Thursday, October 16, 2008

Studio 2

I have a second studio of sorts, since I live in the capitol during the workweek in a one-bedroom apartment.   It is sparsely furnished, which is good in some ways (easy to keep clean) but not in others (not particularly cozy.)  Over the two years or so that I have occupied this space, I have consciously avoided adding much in the way of furnishings since I was hoping the arrangement would be more temporary than it has turned out to be.

In any case, here is my apartment work space as it looks at the beginning of the week.  I use the dining table and spread out as much as I want.  If eating becomes necessary while a project is in full swing, I clear a corner of the table for a bit or I eat in the living room. 

My materials are kept in the utility closet just behind the table.  I have a lot of closet space in the apartment, so I removed the clothes bar in the closet and installed some plastic shelving.  The sewing machine and the bucket share the two bottom cubbies, but craft items fill the remaining drawers and boxes.  The top shelf is large enough to store my cutting mat and rulers.  My tiny ironing board hangs in the closet on the wall to the right.

The view from the apartment is spectacular, and from my craft table I can look out and see the city fading into rural spaces.  The following photo was taken in the late afternoon looking northwest.  And yes, those are snakes on the railing and table.  The balcony is not screened so in order to deter the pigeon population of Columbia from calling my balcony home, I asked the previous owner of my unit to please leave his "pets" in place.  This works wonderfully, although it is not a very attractive solution from a human point of view.  If I end up keeping the condo long term, I will enclose the space with screening to keep out both the pigeons and the wasps, who also seem to want to share my unit.

I can't see the city from my craft table, but if I'm sitting on the balcony, this is the view I have at sunset.  I'm only about 2 miles from downtown, so the city is actually a lot closer than it appears in this photo.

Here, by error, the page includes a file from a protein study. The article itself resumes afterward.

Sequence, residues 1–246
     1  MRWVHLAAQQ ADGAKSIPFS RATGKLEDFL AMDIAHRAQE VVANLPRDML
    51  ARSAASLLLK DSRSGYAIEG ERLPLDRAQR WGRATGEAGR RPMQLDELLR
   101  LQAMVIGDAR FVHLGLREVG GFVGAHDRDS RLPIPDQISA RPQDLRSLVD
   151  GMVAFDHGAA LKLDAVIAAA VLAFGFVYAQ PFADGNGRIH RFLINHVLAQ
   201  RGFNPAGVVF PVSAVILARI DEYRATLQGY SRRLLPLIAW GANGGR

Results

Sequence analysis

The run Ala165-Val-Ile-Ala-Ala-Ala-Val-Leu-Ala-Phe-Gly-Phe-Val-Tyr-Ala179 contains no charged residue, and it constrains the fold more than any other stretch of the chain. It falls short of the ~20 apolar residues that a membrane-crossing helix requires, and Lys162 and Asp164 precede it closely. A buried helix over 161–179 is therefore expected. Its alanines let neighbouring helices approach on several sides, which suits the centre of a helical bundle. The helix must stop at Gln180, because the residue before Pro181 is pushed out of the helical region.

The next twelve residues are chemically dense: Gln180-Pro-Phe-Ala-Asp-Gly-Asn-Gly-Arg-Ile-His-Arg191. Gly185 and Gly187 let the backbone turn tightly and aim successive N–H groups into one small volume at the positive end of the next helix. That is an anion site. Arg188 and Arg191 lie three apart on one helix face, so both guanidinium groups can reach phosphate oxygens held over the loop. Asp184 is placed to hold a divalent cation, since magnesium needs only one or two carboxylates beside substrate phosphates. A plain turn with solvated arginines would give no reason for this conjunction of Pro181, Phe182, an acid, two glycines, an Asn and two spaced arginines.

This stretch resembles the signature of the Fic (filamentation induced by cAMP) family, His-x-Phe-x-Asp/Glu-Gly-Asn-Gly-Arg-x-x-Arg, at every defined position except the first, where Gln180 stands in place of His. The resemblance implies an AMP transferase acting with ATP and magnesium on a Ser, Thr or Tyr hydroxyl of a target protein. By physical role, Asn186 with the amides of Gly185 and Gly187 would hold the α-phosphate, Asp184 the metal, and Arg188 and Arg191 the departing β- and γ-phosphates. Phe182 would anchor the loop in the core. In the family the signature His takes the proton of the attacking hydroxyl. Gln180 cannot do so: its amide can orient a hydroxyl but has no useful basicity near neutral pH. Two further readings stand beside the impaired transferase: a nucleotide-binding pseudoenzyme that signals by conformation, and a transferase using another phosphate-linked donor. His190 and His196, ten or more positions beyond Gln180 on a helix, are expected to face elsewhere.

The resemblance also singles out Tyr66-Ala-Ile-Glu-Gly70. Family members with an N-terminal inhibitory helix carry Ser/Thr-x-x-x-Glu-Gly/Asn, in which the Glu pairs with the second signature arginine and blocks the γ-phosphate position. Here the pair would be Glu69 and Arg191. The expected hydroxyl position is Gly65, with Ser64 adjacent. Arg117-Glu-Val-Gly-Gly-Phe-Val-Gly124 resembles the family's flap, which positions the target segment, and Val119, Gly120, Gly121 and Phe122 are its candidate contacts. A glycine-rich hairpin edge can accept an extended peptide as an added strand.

And this is how my workspace looks when a project gets going.  I leave the closet door open, the ironing board is set up on the kitchen counter and I am within  few steps of anything I need to work with fabric.  The chairs serve as temporary shelving.  Since the apartment faces west, it gets the afternoon sun so it is always bright and cheery late in the day and the projects I'm doing are easy on the eyes.  The space is always returned to its blank slate look on Thursday evenings before I return to Aiken.

Sharon asked what our studio space means to us.   For me, the space means a place where I can keep supplies in an orderly fashion without the rest of the family rummaging around in them, where I can retreat to think and plan in quiet, where I can spread out a project.  But I have to confess that I work on projects wherever it happens to suit me.  I don't feel compelled to use just the space I've designated as a studio, although I do happen I suppose to do most of my work there.

I have lived without studio space most of my life, and I can honestly say that I don't think I felt limited in any way.  For me, time has always been the limiting factor.  And while it is nice to have a special spot for fiber work, a special place to display yarns and fabrics and threads, I am wondering if such spaces are over-rated and are a product of our having too much in the way of space and supplies.  I think of the beautiful sweaters which were created in the Aran Islands by women who probably knit them next to the fire in a very small cottage, or the Gee's Bend quilts which were created with scraps by women who owned not much more than the clothes on their backs.  Studio space?  I can hear them laughing.

Would I choose to give up my space now that I have it?  Not a chance!  Has it improved creativity or expanded my horizons?  Perhaps, because the materials are organized and visible.  But I would say that the quiet evenings away from the family during the week have done more to affect creativity and output than having studio space.   I am looking forward to reading what others have to say on this.  It was an illuminating exercise for me because it really did make me think about the impact workspace has on productivity and how I've arranged my space and projects.

As for the teapot blocks, I'll show the progress in my next entry. 

1 comment:

Marjorie said...

Your comments about your two spaces and how you use them are very intersting and thought provoking, especially your comments about the desire for "studio space." Marjorie